Scottish Disability Sport is keen to hear from anyone living with a physical, sensory or learning disability who is interested in getting involved in Para Sport. Grampian residents should also contact Alison if they would like more information on opportunities in Aberdeen City, Aberdeenshire & Moray.


Police appeal for information following rural thefts

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Police Scotland are appealing for information following rural thefts in the Buckie and Fochabers areas.

In the first incident a number of LED lights valued at a low five figure sum were stolen from plant located in the Deskford area of Buckie sometime over the weekend between Friday 14 and Monday 17 December 2018.

A second incident occurred between Friday 28 December 2018 and Wednesday 2 January 2019, where a number of power and hand tools valued at a four figure sum were stolen from woodland near Fochabers.

Sergeant Robbie Williams, Buckie Community Policing Team, said: “It is likely a vehicle would have been required to transport the stolen items away from the locations.

“If anyone recalls seeing or hearing any suspicious activity, particularly around wooded and rural areas where plant is located, I would ask them to get in touch.

“Similarly if anyone has been offered tools or commercial LED lights at a reduced price I would ask them to get in touch.

“We are keeping an open mind as to whether the two incidents are linked and ask that anyone with information contact Police Scotland on 101 quoting reference 1380 of 17 December 2018 for the Deskford incident and 1953 of 2 January 2019 for the Fochabers incident.”


RAF Lossiemouth appoints new Station Warrant Officer

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Warrant Officer Mark Ratcliffe receives the SWO’s ceremonial cane from Warrant Officer Al Milligan. Images Crown copyright (by SAC Samantha Holden)

The new year sees a new man in the post of Station Warrant Officer at RAF Lossiemouth as Warrant Officer Al Milligan handed over to Warrant Officer Mark Ratcliffe on Monday, 7 January.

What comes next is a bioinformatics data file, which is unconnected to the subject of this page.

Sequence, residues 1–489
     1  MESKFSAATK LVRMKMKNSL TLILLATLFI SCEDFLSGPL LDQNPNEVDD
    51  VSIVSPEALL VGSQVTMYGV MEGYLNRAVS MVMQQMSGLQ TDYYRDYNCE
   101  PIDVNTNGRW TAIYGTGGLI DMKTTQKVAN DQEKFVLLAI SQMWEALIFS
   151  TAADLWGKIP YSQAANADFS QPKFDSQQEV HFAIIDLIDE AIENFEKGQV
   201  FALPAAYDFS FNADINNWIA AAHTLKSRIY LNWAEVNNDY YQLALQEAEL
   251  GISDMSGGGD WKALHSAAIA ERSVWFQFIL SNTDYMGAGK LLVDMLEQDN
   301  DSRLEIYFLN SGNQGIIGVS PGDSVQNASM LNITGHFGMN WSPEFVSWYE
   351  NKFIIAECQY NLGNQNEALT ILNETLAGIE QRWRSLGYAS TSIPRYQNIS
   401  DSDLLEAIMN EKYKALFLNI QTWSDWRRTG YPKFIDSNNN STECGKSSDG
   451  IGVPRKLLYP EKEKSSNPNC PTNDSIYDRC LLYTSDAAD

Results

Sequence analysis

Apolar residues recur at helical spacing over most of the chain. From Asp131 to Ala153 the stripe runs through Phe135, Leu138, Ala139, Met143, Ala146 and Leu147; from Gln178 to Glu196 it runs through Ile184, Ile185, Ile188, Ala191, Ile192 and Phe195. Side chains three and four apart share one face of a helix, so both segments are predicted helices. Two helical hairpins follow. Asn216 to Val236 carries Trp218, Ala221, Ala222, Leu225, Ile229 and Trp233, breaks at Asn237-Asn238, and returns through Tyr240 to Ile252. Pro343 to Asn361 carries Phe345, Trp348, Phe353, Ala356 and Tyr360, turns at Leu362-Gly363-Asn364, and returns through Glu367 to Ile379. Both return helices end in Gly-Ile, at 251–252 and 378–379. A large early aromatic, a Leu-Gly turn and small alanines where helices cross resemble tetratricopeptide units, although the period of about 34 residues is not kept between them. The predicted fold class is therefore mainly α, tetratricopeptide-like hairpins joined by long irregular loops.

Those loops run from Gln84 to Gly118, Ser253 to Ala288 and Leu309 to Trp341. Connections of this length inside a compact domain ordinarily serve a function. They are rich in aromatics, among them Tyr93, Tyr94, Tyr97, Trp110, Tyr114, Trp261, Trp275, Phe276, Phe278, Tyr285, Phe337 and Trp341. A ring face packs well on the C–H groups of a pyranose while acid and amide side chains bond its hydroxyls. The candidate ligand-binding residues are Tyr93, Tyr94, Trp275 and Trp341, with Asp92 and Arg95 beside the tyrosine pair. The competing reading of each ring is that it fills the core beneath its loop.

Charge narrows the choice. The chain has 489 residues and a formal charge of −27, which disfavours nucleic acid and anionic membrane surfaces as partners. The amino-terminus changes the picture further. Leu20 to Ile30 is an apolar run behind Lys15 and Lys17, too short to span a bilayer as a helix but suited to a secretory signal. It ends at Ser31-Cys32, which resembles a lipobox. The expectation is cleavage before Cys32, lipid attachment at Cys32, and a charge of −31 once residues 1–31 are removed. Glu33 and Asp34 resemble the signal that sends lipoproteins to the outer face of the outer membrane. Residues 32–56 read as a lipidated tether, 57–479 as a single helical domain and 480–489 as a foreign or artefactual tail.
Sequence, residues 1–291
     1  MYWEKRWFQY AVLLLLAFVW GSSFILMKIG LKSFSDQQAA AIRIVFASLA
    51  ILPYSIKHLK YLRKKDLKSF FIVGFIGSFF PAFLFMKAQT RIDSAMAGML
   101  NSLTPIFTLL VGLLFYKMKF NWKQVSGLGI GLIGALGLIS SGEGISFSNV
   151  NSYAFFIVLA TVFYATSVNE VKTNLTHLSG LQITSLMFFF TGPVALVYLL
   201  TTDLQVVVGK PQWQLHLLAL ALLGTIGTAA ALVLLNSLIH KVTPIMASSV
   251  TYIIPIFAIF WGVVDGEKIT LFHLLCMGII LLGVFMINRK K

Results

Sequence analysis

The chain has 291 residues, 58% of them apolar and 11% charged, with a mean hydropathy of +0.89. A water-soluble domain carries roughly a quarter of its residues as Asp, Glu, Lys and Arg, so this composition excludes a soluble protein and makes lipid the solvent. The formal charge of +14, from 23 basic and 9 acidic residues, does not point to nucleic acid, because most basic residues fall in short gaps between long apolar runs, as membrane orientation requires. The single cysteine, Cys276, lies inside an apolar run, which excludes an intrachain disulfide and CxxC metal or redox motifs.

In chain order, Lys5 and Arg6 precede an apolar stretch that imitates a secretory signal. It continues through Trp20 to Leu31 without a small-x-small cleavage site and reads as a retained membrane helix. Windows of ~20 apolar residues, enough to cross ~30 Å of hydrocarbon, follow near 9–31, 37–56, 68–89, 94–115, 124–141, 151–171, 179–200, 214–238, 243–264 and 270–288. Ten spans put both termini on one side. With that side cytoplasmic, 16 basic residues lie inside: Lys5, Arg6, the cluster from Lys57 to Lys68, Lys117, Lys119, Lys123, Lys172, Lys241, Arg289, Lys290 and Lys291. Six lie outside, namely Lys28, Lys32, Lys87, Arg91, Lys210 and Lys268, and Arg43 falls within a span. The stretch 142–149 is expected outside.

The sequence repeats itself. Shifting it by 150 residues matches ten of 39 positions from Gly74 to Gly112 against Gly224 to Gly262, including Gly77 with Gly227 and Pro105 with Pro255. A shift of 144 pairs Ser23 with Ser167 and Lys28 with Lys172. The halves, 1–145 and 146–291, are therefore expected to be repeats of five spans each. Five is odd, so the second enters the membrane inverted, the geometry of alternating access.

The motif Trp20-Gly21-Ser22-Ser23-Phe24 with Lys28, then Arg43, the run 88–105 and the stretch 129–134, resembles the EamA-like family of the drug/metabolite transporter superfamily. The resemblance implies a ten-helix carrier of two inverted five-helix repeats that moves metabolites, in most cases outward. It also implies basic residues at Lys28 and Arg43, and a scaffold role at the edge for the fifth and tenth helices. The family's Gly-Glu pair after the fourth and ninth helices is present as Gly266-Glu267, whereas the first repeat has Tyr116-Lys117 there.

The Station Warrant Officer is responsible for standards and discipline on an RAF base and is the Station Commander’s right hand man.  WO Milligan has been in the post for a very busy three and a half years and will next take up a role in the Lossiemouth Development Programme (LDP).

He said: “Holding the position of Station Warrant Officer for the past three years has been a tremendous privilege, particularly during the Royal Air Force’s centenary year.  This role has been the pinnacle of my 36 year career.

“I am fortunate to be staying on base working on the LDP, and looking forward to being part of an exciting time of development at RAF Lossiemouth.”

Warrant Officer Mark Ratcliffe, a Survival Equipment Fitter for 35 years, returns to RAF Lossiemouth from his most recent role in the Defence Search, Evade, Resist & Extract Training Organisation at RAF St Mawgan.

From September 2014 RAF Lossiemouth’s primary role has been the provision of Quick Reaction Alert (Interceptor) North, or QRA as it’s commonly called.  The strategically important position of RAF Lossiemouth makes it an ideal location to maintain aircraft and crews on high alert in order to scramble and intercept unidentified aircraft approaching UK airspace. This is the basis of QRA and is a duty that has been maintained by the Royal Air Force on a 24/7 basis for decades.


Have your say on proposed 20 mph speed limit